Egg Freezing has gained popularity in recent years as the go-to option for delayed parenthood.
With increasing numbers of fertility providers now offering the service – in which a woman’s eggs are surgically collected then stored and preserved for future use – not to mention companies such as Facebook and Google now offering egg preservation as an employee benefit, the trend looks set to continue.
So why freeze your eggs? For some, it’s a medical necessity, for example in women needing to undergo cancer treatment and wanting to safeguard their ability to have a family in the future.
For others, it might be because they’re not in a relationship with someone they’d like to have children with, or because they’ve a career or personal goal they’d like to fulfil before starting a family.
Here we talk to Sally, now 41, who did an egg freezing cycle at Manchester Fertility when she was age 39 about her own experience.
1. Why did you decide to freeze your eggs?
I was nearing my 40th Birthday and thought time was ticking, although I had been thinking about doing it since my mid 30’s. I hadn’t met anyone and thought: “what if I do, then try for a baby and find that my eggs have depleted and are no good?”, so egg freezing is my back up plan! The advice from my consultant was to watch the film ‘The Back Up Plan’. It’s a good romcom – and who doesn’t like J-Lo?!
2. How did you find the treatment?
I found the injection part a little boring by the end of it. I’m glad I don’t have to inject myself for life! I was worried about having my eggs collected as I’ve never had a general anaesthetic before but it’s like having a lovely sleep.
3. Did it interfere with work?
I was worried it would interfere but decided it would be best to do the injections at the same time every day in the morning and evening when I was at home. The one thing you can’t really plan for though is when the egg collection will be.
4. Did you have any help or support when you were doing the treatment?
As I am single I did all my injections myself but when I had the eggs collected I got my sister to drop me off and collect me.
5. Did you know anyone else who’d been through the procedure?
I have friends that have gone through IVF and a few who’d had egg collection as part of their treatment. But I didn’t ask them about it, partly because I forgot but also I wasn’t sure if they’d remember as it was a while ago and many more things have happened since then – like babies!!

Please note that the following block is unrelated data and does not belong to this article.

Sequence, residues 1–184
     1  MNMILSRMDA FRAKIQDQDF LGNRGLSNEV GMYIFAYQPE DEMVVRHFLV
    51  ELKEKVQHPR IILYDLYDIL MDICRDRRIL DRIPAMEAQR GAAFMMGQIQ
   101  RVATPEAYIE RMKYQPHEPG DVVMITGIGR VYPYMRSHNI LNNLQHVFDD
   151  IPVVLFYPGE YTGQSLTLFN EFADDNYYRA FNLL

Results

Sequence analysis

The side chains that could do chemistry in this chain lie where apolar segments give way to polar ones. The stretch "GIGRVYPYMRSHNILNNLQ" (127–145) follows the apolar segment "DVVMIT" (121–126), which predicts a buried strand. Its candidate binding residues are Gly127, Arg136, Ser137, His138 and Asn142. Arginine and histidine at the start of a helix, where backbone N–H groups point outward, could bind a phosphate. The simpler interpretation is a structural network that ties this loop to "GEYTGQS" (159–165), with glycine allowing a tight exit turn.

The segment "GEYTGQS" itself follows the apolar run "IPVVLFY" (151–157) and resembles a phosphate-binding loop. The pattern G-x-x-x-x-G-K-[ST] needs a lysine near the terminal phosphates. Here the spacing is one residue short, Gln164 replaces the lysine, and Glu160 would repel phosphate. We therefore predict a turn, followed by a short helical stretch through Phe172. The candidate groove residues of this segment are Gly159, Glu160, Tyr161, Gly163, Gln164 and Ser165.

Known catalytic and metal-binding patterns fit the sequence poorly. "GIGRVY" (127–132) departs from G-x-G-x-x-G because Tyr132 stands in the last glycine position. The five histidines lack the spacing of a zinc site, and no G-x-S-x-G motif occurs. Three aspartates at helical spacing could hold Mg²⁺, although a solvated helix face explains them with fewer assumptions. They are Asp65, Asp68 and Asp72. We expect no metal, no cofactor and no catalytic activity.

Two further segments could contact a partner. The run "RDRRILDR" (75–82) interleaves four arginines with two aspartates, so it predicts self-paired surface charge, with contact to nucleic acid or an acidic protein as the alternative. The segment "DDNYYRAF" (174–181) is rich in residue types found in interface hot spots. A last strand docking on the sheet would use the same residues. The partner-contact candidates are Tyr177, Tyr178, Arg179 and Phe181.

6. Was it easy to find a clinic?
I googled fertility clinics in my area and read reviews of the one I chose. If I lived near my friends who’d had treatment before I’d have asked them where they went and if they gave a positive recommendation I would have probably gone there.
7. Did you have to have any tests prior to treatment?
I had a fertility check around 9 months before I started treatment which included blood tests and an internal scan to check how many follicles I had. Then before I started the egg freezing cycle I had further blood tests and internal scans.
8. What do you think your next step will be?
I am still deciding what I will do next. I’m not sure whether to use a sperm donor, ask someone I know or perhaps I might find a partner. Even though I really want to be a mother there is a lot of planning involved as I would like to have a year off after giving birth so there are still lots of sums to do first!
9. Do you have any advice for anyone who may be considering egg freezing?
One thing I didn’t think would be needed before I had the procedure was a counselling session. I didn’t think it would be as emotional as it was. Counselling was a compulsory part of treatment at the clinic I went to.
As for the actual treatment itself doing the injections is ok but boring. However be prepared for disappointment in collection, you just don’t know how many eggs you will produce. I had 15 eggs of which 10 were of maturity which is pretty good for a woman my age but who knows if the quality is good, we shall see….